At the MacArthur Foundation Research Network on Opening Governance’s recent meeting at Arizona State University, one particularly area of focus involved designing pathways toward meaningful metrics for open governance initiatives. Although it is unlikely that a universally applicable framework for measuring the impact of implementations of data-driven or collaborative efforts to improve governance can be created, the Network sought to develop the questions that must be addressed toward assessing impact. The suggestions and prompts below provide an early set of issues and decision areas that can inform the gathering of evidence to enable the assessment of whether and how an initiative worked.

The Network’s metrics discussion was informed by the GovLab’s existing inquiry into the challenge of assessing success in open governance initiatives – see the publication “Toward Metrics for Re(imagining) Governance.”

A first priority when assessing the impact of open governance initiatives, as with all new processes or interventions, involves identifying the delta – if any – from the status quo. With this in mind, prior to any data collection or analysis on the new innovation, establishing a baseline on the current process is essential. Without knowing the impact of legacy processes, it will be impossible to meaningfully discern the level of change brought about by new strategies. Of course, establishing a baseline is often easier said than done, especially in areas in which tradition and inertia are the leading causes for maintaining the current approach, not evidence-based decision making. Complex governance systems, moreover, are not fixed in time and, as such, rarely have a consistent baseline against which to measure change.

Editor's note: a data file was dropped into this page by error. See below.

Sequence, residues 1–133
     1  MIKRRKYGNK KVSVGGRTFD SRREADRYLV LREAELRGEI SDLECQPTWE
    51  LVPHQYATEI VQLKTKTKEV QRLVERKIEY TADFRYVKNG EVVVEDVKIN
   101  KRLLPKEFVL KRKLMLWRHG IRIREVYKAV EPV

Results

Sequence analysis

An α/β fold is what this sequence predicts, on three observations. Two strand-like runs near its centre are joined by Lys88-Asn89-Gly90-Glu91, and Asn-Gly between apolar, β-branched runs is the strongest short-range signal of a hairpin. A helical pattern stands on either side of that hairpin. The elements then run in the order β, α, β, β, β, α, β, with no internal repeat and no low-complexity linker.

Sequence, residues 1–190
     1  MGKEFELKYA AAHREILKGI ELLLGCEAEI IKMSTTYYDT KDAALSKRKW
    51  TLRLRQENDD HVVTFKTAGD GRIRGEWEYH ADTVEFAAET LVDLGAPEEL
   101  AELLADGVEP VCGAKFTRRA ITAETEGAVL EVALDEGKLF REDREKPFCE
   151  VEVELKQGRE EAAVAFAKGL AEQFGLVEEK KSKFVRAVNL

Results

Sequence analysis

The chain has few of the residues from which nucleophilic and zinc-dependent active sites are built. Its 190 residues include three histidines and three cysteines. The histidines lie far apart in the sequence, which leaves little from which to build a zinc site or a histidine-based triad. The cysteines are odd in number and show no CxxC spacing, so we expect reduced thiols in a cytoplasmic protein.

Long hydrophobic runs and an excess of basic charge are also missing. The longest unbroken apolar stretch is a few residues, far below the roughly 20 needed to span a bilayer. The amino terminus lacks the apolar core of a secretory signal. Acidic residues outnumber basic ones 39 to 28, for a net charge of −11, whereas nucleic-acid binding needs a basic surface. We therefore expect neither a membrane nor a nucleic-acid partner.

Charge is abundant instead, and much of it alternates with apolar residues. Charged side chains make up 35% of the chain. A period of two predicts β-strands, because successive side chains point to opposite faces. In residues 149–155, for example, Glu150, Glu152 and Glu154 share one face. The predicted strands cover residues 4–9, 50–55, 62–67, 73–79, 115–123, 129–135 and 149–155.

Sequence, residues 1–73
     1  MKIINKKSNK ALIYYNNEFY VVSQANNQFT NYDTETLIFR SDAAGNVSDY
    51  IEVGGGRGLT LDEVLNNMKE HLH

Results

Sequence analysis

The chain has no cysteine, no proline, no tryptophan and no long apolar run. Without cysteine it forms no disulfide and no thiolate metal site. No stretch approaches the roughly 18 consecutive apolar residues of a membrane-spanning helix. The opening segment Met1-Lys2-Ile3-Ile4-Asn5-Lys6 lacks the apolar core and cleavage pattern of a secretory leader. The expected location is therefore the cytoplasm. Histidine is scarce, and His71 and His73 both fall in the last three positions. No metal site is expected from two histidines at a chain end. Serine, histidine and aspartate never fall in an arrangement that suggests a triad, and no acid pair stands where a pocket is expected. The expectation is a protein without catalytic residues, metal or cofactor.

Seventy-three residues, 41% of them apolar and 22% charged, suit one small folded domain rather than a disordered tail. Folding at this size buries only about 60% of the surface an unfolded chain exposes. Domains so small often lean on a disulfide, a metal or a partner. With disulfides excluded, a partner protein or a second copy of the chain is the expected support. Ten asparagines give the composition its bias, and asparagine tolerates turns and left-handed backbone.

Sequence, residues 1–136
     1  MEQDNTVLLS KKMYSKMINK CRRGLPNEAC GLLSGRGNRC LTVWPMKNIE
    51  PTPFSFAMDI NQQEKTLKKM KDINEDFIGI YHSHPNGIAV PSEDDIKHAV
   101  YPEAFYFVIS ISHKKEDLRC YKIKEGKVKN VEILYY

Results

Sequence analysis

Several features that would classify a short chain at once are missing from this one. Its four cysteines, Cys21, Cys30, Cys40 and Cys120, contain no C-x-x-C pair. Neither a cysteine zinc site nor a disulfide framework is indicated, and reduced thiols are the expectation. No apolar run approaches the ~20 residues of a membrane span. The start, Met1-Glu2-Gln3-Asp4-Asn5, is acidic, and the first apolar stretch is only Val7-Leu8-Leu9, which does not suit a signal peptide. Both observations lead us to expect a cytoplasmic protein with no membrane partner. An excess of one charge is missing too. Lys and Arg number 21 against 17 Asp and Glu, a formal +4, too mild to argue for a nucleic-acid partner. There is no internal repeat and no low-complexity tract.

Once the baseline is developed, more decisions need to be made and questions to be answered before implementing a system for measuring impact. The mindmap below describes four central decision areas Network members identified that can inform the development of metrics for an open governance initiative, with guiding questions or examples for each.

  • Defining the objective of an initiative. What is the ultimate goal of the project? Metrics for an initiative will differ depending on whether the objective is, for example, to involve more people in the functioning of democracy, to change the way government agencies make decisions, to tap outside expertise that can inform decision-making, or to ensure that the buses run on time.
  • Identifying the type of impact desired. What would define success for the initiative? Will success be defined by pragmatic measures like money saved, or by normative measures like increased citizen trust? Once the desired impact is identified, specific indicators of impact can be developed – e.g., media mentions of a given intervention as an indicator of increasing public knowledge of new innovations.
  • Developing a system of collection and analysis. Is the strategy for collecting and analyzing data on impacts feasible, scalable or being done successfully elsewhere?
  • Focusing on the big or small picture. Is the desired level of impact on a macro or on a micro scale – e.g., should the metrics determine health impacts for an entire city over a sustained period of time, or the impacts on a single hospital’s emergency room?

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Building off of these decision areas, the next step for developing a meaningful strategy for assessing the impacts of open governance is the creation of a conceptual framework that connects inputs (like a city’s new open data initiative) to outputs and impact (such as the creation of new data-driven businesses and accordant economic development). And given the fact that open governance initiatives are pieces of much larger processes, such a conceptual framework must also be sensitive to the challenge of separating causality from correlation. The Network is continuing its work in this area with the understanding that, although an all-encompassing system of metrics for open governance is likely not feasible, a conceptual framework could prove useful to those seeking to measure the true impacts of new interventions on governance and, as a result, on people’s lives. 

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